The Incredible Shrinking Summer

We’re not ready for back to school – and our kids certainly aren’t — but Rite Aid apparently is. It’s only July 27, and already the suntan lotion is pushed to the back and the pencils and notebooks are filling the upfront shelves.

This doesn’t make any child we know happy. Although we’re long past our school years, we have memories of sleeping late in mid-August and opening up the paper to read the comics only to have the ads for lunch boxes, book bags and notebooks fall out. Now our kids are annoyed at the same exact thing.

Maybe getting ready for school is more fun in other countries. At first we thought kids in a more glamorous location would have a more exotic back-to-school list: Doesn’t a Parisian school child need a lunch box large enough to hold a freshly baked baguette and freshly churned Camembert? And in Japan, doesn’t every kid need a USB flash drive that looks like a robot?

But a quick surf across the Internet found that school supplies haven’t changed that much over the years and across the globe. Of course it’s harder for kids in developing nations to have easy access to retail goods, but their lists look similar to ours: pens, pencils, notebooks  . . . Of course, American kids are looking for the latest fad: Snack Attack Fruit Scented Mini Pens.

Ever wonder why American kids are off from school for the whole summer? That’s because back in the day, they were needed to help bring in the harvest. We don’t grow much corn and soybeans in the suburbs anymore, but the need for children to help with the harvest still exists. In the Dominican Republic, kids attend school from January to September and then help with the coffee harvest at the end of the year. Imagine what our kids would say if we told them they had to help Dad scythe and bundle the 60 acres of wheat? The kids — What would Dad say?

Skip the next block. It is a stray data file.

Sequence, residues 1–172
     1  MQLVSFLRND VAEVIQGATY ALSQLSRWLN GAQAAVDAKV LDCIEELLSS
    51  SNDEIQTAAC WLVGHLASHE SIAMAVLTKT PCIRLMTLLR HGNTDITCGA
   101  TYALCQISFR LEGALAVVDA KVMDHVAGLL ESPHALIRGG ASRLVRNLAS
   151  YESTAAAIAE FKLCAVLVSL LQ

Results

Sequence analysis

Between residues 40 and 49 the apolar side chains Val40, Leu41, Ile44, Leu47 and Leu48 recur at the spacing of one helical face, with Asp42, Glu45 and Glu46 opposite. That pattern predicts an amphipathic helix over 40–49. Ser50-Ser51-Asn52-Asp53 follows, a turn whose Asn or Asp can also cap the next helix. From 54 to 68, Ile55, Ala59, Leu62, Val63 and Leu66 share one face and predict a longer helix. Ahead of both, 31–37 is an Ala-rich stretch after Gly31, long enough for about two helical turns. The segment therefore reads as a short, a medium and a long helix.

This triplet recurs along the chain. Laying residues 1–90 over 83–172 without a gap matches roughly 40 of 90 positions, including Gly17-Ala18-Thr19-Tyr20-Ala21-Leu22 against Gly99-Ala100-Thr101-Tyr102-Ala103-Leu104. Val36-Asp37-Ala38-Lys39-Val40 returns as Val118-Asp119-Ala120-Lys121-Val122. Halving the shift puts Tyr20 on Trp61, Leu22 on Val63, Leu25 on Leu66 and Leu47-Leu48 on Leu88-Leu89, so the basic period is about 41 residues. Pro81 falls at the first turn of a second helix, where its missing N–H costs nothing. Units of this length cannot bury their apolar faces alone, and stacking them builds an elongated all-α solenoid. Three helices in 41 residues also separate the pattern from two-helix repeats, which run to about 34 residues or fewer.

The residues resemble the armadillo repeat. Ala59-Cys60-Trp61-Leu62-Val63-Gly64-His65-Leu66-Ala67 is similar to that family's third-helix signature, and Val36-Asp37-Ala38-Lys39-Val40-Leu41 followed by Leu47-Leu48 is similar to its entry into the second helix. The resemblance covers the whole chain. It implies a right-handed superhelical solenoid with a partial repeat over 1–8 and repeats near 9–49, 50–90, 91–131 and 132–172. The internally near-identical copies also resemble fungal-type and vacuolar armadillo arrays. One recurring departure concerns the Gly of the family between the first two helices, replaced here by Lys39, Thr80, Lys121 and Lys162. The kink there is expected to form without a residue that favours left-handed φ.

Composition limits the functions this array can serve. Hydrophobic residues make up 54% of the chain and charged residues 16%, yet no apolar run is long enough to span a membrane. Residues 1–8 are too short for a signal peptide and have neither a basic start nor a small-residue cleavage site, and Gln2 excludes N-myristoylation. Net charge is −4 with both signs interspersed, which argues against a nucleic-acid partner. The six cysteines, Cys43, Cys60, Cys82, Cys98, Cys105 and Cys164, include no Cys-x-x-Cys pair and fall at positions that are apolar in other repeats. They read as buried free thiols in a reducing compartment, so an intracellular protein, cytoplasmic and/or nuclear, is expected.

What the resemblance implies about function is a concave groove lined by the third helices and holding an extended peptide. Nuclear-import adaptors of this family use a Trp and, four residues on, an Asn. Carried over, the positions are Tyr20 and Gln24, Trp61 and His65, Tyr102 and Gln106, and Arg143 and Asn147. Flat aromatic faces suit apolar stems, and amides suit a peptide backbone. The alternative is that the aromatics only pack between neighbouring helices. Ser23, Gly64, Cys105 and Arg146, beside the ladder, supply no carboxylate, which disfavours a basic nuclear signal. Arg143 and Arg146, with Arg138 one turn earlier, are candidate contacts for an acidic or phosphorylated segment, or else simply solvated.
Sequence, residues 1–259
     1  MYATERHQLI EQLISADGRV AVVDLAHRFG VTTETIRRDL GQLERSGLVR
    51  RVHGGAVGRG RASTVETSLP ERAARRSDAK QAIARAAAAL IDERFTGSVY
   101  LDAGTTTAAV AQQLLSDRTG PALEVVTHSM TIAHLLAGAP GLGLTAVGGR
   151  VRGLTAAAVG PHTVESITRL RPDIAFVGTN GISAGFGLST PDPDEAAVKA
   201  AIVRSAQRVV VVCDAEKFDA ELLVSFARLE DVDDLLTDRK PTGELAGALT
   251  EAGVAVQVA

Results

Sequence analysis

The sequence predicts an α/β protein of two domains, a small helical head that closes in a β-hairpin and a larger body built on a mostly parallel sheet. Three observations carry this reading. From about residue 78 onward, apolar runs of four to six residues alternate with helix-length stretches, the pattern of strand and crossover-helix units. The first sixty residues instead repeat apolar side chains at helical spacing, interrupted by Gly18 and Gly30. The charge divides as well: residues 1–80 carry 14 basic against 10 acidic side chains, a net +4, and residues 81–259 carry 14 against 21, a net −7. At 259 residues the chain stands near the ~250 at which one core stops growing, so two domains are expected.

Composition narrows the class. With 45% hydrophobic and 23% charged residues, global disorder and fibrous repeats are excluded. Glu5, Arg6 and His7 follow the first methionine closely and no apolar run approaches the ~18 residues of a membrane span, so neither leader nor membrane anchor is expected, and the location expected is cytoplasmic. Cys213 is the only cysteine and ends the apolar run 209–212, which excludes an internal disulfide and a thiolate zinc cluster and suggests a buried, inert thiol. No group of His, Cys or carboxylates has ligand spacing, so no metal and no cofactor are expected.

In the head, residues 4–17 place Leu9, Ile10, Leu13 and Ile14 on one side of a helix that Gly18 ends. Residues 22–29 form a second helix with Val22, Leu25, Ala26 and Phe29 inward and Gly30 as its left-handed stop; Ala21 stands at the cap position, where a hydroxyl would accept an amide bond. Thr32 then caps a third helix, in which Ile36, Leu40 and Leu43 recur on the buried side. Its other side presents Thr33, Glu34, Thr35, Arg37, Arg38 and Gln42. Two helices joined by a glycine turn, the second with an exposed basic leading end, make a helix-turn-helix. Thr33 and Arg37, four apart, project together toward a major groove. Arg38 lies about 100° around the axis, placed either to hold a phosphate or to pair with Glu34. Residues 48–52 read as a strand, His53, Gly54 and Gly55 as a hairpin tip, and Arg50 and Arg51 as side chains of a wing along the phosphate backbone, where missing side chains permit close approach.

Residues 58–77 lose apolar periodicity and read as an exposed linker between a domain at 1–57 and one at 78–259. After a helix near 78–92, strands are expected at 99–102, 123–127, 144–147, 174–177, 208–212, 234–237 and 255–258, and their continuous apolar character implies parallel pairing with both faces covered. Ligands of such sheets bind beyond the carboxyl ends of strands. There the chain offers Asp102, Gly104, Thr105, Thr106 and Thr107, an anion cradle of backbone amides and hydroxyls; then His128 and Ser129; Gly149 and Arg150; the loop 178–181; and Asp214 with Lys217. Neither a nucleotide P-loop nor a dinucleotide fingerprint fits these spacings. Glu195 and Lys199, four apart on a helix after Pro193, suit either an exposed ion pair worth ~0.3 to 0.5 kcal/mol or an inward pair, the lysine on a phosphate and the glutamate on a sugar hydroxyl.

School calendars are also affected by the weather. Everyone has memories of being stuck in a hot classroom in June and counting the days. In India they’re off in May and June because of the heat and then again in July and August because it’s monsoon season. And while we have a Christmas break in December, they get a Durga Pooja break in September.

Rushing summer to start school isn’t the only place where marketing is encroaching on our time. According to Nordstrom, Aug. 10 is the time to buy your heavy wool sweaters and leather boots, and the Acme believes that Halloween candy should be purchased and waiting by the front door by Sept. 20.

Don’t they know that if we buy the mini-Snickers that early, there surely will be none left? Of course they know this. That’s all part of the plan. Though early Halloween shopping is irresistible, no kid is in a hurry to buy school supplies. That’s why every year we end up in the long line of irritable parents and grumpy children at Staples – the day after school has started.

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2 Responses to The Incredible Shrinking Summer

  1. Lisa Markc says:

    Dear Word Mavens,
    There were two days of the school year that I loved, the first day and the last day. I loved to buy school supplies because to me, that was a new start, a frest beginning and new sharpened pencils smelled so good and ink pens etc. After the first day, every day was down hill for me for I was not a good student. That is why the last day was my relief. I remember halloween and spiced wafers and all the holidays and I loved the reminders that there was another thing to look forward, closer to June when school would be over, that is if I made it. Actually I did by the hair of my chinny chin chin (now of which there are many) and to make up for being a “not”good student, I find myself in school again at the age of 59. Oh vey!!!


  2. Sammy Dweck says:

    I love your brilliant take on this subject … it’s like how Christmas is no longer a season, but an entire fiscal quarter. Great read – thanks for making my morning fun!


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